These all together impact the economics related to E&P (Exploration and Production) of heavy oil resources. These resources generally have a higher of production associated with them and are one of the first candidates to be affected by reduction of crude prices as seen in 2014 and early 2015. Crude oil can generally be classified into its types by using its API values that are generally obtained through lab testing.
Temizel, Cenk (Aera Energy) | Irani, Mazda (Ashaw Energy) | Canbaz, Celal Hakan (Schlumberger) | Palabiyik, Yildiray (Istanbul Technical University) | Moreno, Raul (Smart Recovery) | Balikcioglu, Aysegul (USC) | Diaz, Jose M. (VCG O&G Consultants) | Zhang, Guodong (China Petroleum Eng and Construction Corp.) | Wang, Jie (College of Technological Studies) | Alkouh, Ahmad
As major oil and gas companies have been investing in renewable energy, solar energy has been part of the oil and gas industry in the last decade. Originally, solar energy was seen as a competing form of energy source as a threat that may replace or decrease the share of fossil fuels as an alternative energy resource in the world. However, oil and gas industry has adapted to the wind of change and has started investing and utilizing the solar energy significantly. In this perspective, this study investigates and outlines the latest advances, technologies, potential of solar both as an alternative and a complementary source of energy in the Middle East in the current supply and demand dynamics of oil and gas resources.
A comprehensive literature review focusing on the recent developments and findings in the solar technology along with the availability and locations are outlined and discussed under the current dynamics of the oil and gas market and resources. Literature review includes a broad spectrum that spans from technical petroleum literature with very comprehensive research to non-technical but renowned resources including journals and other publications including raw data as well as forecasts and opinions of respected experts. The raw data and expert opinions are organized, summarized and outlined in a temporal way within its category for the respective energy source.
Solar energy is discussed from a perspective of their roles either as a competing or a complementary source to oil and gas. In this sense, this study goes beyond only providing raw data or facts about the energy resources but also a thorough publication that provides the oil and gas industry professional with a clear image of the past, present and the expected near future of the oil and gas industry as it stands with respect to renewable energy resources.
Among the few existing studies that shed light on the current status of the oil and gas industry facing the development of the renewable energy are up-to-date and the existing studies within SPE domain focus on facts only lacking the interrelationship between solar energy and oil and gas such as solar energy used in oil and gas fields as a complementary green energy.
Temizel, Cenk (Aera Energy) | Irani, Mazda (Ashaw Energy) | Canbaz, Celal Hakan (Schlumberger) | Palabiyik, Yildiray (Istanbul Technical University) | Moreno, Raul (CSmart Recovery) | Diaz, Jose M. (VCG O&G Consultants) | Tao, Tao (Texas Southern University) | Alkouh, Ahmad (College of Technological Studies)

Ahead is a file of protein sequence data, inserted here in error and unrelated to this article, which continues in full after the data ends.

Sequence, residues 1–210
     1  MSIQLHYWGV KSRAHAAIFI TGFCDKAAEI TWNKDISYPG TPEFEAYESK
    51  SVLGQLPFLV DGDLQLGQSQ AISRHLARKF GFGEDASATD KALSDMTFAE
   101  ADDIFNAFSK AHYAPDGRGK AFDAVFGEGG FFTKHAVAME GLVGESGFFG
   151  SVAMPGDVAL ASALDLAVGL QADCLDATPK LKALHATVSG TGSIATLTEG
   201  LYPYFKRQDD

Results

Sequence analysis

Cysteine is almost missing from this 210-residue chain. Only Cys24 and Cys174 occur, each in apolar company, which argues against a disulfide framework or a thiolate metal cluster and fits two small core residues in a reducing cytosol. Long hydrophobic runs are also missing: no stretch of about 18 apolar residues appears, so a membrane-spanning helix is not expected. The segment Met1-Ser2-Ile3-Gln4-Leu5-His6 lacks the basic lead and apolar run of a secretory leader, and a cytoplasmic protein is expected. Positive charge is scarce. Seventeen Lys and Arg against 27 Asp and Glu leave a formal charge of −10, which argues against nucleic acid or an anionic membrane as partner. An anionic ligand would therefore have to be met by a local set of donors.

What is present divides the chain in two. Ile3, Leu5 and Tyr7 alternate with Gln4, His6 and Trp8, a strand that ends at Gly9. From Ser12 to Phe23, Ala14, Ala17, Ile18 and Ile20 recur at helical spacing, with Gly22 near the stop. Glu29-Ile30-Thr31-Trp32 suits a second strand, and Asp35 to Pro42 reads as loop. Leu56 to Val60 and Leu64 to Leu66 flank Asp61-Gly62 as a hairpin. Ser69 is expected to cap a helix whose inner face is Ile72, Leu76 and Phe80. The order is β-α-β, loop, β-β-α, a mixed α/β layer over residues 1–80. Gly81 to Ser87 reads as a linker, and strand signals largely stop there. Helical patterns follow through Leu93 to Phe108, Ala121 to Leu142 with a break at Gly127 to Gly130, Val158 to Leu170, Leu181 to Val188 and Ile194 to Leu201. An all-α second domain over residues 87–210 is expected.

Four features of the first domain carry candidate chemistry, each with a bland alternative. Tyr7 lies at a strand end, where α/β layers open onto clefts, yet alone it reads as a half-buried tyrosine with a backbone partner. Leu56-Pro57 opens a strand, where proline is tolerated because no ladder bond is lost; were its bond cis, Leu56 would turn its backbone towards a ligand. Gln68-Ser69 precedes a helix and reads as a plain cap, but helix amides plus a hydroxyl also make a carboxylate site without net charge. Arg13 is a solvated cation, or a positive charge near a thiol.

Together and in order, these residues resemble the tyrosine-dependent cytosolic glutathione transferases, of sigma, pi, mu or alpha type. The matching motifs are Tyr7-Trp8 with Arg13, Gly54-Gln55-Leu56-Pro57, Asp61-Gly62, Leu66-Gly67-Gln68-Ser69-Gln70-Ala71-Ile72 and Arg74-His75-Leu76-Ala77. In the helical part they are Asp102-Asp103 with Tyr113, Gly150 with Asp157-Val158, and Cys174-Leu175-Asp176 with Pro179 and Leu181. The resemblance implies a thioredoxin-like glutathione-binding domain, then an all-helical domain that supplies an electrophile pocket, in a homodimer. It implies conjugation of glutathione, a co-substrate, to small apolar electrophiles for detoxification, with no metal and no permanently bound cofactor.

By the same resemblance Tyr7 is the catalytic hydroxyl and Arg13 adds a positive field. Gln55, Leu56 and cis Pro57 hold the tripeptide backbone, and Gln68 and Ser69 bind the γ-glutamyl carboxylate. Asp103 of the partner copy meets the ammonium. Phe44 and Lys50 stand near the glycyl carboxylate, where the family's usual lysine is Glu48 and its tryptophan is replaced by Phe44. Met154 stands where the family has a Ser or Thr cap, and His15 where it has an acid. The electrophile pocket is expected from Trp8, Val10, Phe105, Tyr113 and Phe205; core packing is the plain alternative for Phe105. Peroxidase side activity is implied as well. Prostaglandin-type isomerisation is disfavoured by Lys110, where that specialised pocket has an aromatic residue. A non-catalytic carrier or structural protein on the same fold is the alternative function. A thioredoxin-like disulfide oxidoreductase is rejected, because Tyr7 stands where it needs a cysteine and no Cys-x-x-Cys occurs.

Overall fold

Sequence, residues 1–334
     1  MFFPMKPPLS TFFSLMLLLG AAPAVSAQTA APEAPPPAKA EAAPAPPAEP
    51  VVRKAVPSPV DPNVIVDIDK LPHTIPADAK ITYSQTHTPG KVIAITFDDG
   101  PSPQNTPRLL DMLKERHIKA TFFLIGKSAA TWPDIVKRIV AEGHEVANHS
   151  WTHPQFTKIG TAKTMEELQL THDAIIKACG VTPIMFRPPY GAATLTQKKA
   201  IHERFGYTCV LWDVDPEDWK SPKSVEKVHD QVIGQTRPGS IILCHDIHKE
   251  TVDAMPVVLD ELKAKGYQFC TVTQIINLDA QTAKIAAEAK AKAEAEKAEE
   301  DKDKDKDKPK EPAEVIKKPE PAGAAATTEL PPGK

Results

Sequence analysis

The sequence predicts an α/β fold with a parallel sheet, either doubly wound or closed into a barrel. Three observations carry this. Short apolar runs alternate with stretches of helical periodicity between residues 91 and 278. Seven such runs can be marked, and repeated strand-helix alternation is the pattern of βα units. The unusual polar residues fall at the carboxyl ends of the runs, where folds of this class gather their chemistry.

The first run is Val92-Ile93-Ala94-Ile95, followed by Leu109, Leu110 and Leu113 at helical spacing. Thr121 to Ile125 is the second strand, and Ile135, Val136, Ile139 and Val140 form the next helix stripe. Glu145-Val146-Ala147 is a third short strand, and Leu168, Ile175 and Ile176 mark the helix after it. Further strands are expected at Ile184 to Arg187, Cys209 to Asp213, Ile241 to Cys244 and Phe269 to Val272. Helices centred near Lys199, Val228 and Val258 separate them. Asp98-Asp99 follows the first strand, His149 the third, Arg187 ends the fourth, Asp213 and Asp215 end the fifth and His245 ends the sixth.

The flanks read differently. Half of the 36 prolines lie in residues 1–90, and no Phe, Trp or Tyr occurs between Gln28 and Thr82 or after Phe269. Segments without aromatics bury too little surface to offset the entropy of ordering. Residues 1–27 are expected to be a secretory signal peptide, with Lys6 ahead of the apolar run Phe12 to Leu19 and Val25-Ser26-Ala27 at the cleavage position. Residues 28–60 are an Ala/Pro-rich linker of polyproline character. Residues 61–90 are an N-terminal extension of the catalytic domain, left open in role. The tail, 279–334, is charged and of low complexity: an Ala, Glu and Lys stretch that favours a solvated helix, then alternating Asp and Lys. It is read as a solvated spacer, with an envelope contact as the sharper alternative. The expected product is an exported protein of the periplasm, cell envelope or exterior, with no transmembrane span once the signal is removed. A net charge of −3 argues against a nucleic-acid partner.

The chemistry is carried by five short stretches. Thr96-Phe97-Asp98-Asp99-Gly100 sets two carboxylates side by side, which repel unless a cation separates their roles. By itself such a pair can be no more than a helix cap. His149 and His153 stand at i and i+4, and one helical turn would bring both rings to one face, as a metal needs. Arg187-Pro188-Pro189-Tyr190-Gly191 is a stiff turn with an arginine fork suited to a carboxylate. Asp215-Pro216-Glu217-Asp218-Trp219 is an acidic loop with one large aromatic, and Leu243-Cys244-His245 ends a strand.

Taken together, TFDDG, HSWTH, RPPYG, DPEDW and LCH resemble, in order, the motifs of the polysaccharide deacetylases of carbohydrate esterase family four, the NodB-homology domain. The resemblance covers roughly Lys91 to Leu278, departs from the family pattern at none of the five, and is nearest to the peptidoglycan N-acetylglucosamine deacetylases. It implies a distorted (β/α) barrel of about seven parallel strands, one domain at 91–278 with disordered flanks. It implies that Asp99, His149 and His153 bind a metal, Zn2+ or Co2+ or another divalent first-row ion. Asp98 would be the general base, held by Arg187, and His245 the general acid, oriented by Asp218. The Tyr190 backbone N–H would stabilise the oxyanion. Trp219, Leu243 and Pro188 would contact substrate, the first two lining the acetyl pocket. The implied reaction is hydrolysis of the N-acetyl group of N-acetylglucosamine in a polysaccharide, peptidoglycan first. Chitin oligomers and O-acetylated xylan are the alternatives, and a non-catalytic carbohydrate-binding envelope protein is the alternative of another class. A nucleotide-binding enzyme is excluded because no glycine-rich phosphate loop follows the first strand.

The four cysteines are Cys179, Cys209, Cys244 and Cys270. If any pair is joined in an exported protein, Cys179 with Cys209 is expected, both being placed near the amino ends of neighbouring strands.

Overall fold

Along with the advances in technology, greener technologies that help to minimize carbon footprints are becoming more common in oilfield applications as well as other areas. Electrical heating is one of the relatively more environmentally-friendly heavy oil recovery technologies that is not new but has gained more popularity with the advances in electrical heating equipment and the technologies within the last decade offering longer and reliable operations that led to its use as a standalone recovery method rather than only a preheating method. In this study, a comprehensive investigation of the production optimization is outlined that includes not only the reservoir aspects but also the production and facility aspects of electrical heating in heavy oil reservoirs. A full-physics commercial simulator has been coupled with an optimization/uncertainty tool to understand the significance of uncertainty and control variables that influence the production function in addition to the analysis of normalized type curves in different real field cases. The challenges encountered during implementation of electrical heating processes in terms of production, reservoir and facilities engineering are outlined in order to provide a comprehensive and practical implementation perspective rather than only theoretical and/or simulation work. It is observed that electrical heating can be promising when applied in the right place and can bring lots of benefits not only in terms of low water-cut recovery, but also low carbon footprint and low costs associated with environmental fees. The significant parameters are listed for a robust and successful implementation of an electrical heating project. There are studies on electrical heating, but they are either outdated reflecting the old technology, or only focusing on simulation/theoretical work or only case focusing only reservoir or production aspects. This study fills the gap and provides a comprehensive look in detail in the theory, real-field practical problems and solutions from source of electricity to production of the heavy oil illustrating the costs associated that can serve as a solid reference for future implementations. 2 SPE-193707-MS